At a very star-studded event at Baton Rouge Magnet High School on March 7, 2013, the humble Jim “Jimmy” Taylor enjoyed a very sentimental Allstate Pro Football Hall of Fame “Hometown Hall of Famers™” ceremony. The event took place in the auditorium where Jim used to play basketball (literally on the same stage, a memory he recounted during his speech) before its recent renovations. From the singing of the national anthem by one of the students to the playing of the old fight song by the pep band, there was certainly no lack of pomp and circumstance.
Steve Schneider, sports anchor for WAFB-TV (CBS) Baton Rouge, La., served as the emcee and kicked off the ceremony with a highlight reel of Taylor’s career in which his former teammates reminisced about how Taylor was one of the best conditioned athletes they had ever seen.
Addressing the crowd, Allstate representative Bob Duhe said, “On behalf of Allstate and all our agents in the Baton Rouge area, I am privileged to help honor the legacy of Pro Football Hall of Fame member and to recognize Baton Rouge Magnet High school for its outstanding school spirit and legacy of greatness.”
The energy continued with the legendary Louisiana State University baseball coach and close friend of Taylor’s, Skip Bertman, who served as plaque presenter, sharing memories of Taylor and putting his glory days into perspective by telling the students, “1954 may seem like a long time ago, but in reality, you are all still one school, and one team.”
Skip shared countless impressive statistics, informing the crowd that he wanted to share all of them because most of these numbers were franchise records at least until 2009. Everyone in the crowd acknowledged and applauded that accomplishment.
After unveiling his “Hometown Hall of Famers™” plaque, Jim took a moment to address the student body. Jim told the students to “Set your goals high, and one day I hope that you too can come back here to thank your teachers and faculty, and realize that you are privileged to attend such a great high school.”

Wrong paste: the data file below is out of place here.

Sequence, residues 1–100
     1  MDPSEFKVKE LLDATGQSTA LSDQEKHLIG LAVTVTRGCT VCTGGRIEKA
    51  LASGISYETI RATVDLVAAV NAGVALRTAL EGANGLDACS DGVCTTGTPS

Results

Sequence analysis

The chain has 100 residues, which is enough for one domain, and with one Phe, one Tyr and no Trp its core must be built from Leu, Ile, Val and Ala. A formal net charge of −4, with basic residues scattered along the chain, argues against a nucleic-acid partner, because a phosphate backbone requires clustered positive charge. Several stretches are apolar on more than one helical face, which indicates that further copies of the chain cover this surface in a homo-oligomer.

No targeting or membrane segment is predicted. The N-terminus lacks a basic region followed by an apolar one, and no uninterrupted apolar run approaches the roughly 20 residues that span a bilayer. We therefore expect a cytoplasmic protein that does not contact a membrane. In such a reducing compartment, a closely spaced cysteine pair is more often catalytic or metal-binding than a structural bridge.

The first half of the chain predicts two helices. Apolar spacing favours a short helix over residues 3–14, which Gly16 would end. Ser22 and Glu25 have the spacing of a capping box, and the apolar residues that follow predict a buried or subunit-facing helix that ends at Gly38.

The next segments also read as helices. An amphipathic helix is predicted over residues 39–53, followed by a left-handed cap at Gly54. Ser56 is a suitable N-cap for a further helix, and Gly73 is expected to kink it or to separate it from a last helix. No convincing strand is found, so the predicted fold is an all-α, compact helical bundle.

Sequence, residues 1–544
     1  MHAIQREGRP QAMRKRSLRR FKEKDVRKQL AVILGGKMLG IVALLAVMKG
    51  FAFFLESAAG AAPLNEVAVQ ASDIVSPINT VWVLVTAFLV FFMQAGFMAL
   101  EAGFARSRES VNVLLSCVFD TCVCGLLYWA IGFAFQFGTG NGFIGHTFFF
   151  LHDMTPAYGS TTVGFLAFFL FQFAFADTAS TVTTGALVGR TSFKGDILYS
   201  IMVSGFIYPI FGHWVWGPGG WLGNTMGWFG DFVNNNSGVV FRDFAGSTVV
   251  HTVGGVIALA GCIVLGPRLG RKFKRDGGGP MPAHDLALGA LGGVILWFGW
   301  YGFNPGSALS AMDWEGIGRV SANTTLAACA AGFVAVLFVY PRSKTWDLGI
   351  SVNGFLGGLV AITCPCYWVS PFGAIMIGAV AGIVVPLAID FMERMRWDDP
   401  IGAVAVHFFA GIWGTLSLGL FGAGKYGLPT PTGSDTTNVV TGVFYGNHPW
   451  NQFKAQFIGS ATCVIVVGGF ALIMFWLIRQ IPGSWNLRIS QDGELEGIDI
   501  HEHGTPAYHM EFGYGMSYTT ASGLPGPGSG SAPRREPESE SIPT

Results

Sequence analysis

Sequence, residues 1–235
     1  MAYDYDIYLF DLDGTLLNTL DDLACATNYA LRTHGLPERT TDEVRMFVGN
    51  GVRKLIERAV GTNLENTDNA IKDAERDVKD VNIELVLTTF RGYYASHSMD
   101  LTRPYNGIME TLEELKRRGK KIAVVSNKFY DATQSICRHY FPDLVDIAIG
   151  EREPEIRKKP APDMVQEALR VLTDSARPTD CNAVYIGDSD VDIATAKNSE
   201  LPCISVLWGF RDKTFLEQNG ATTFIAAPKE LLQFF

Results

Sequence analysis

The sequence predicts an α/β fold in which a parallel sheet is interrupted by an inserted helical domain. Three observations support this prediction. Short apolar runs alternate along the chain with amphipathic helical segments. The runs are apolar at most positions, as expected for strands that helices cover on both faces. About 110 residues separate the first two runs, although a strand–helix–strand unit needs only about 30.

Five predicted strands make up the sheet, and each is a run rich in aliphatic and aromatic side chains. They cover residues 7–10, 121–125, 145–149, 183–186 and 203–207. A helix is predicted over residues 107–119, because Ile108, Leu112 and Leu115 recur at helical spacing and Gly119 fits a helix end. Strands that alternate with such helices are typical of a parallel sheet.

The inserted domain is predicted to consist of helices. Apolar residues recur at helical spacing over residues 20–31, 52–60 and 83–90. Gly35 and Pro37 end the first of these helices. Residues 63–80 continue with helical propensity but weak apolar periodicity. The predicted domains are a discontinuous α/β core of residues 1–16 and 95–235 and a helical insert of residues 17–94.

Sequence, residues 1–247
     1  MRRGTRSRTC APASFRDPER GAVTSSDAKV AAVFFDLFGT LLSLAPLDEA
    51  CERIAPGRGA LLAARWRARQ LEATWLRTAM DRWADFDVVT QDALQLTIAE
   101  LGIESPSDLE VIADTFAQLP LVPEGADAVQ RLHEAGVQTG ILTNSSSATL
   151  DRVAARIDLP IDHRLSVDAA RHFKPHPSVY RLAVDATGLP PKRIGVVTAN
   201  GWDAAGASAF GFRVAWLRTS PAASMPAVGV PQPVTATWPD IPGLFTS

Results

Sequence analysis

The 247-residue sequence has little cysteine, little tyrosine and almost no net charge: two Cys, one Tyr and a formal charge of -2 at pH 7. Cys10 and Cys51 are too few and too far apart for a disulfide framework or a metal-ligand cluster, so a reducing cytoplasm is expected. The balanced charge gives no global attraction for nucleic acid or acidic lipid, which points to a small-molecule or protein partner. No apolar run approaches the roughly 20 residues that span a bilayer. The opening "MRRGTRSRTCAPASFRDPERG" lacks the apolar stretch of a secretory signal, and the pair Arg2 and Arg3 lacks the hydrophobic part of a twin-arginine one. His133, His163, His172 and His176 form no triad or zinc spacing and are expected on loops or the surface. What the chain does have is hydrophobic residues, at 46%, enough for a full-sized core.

“This plaque could reside at the Pro Football Hall of Fame in Canton, but instead chose Baton Rouge High School as its permanent home,” said Richards. “Today, Baton Rouge High School becomes only the 57th school to be an official extension of the Pro Football Hall of Fame.”
Other notable attendees at the ceremony included Basketball Hall of Famer Bob Pettit and former LSU football coach Paul Dietzel, as well as a large group of friends, alumni, fans, and former teammates who all came out to support the legendary player.
A Baton Rouge, native, Taylor was a standout fullback at LSU, and an All-American back in 1957. He was a second round draft pick (15th overall) in the 1958 NFL Draft where he was selected to the Green Bay Packers. At the same time that the legendary Vince Lombardi took over the coaching reigns, Taylor quickly became a key player for the Packers, best known for his rugged fierceness on the field.
Gaining 1,000 yards a season became commonplace for Taylor. He went over 1,000 yards five straight seasons beginning in 1960, reaching his peak in 1962 with a career-high of 1,474 yards and was named NFL Player of the Year. Taylor was a member of four Packers NFL championship teams and was selected to five consecutive Pro Bowls. He won the NFL rushing title in 1962, and remained the Packers’ all-time leading rusher until his record was broken in 2009 by Ahman Green.
After playing nine seasons with the Green Bay Packers, Taylor played one final season with the New Orleans Saints before retiring from pro football in 1967. He ended his career with 8,597 yards and 83 rushing touchdowns.
Taylor was inducted into the Pro Football Hall of Fame in 1976.
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